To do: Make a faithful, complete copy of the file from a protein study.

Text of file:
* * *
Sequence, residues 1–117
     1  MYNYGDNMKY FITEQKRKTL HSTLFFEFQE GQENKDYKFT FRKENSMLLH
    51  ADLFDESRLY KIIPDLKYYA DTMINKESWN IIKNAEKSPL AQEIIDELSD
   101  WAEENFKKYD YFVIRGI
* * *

Sequence, residues 1–117
     1  MYNYGDNMKY FITEQKRKTL HSTLFFEFQE GQENKDYKFT FRKENSMLLH
    51  ADLFDESRLY KIIPDLKYYA DTMINKESWN IIKNAEKSPL AQEIIDELSD
   101  WAEENFKKYD YFVIRGI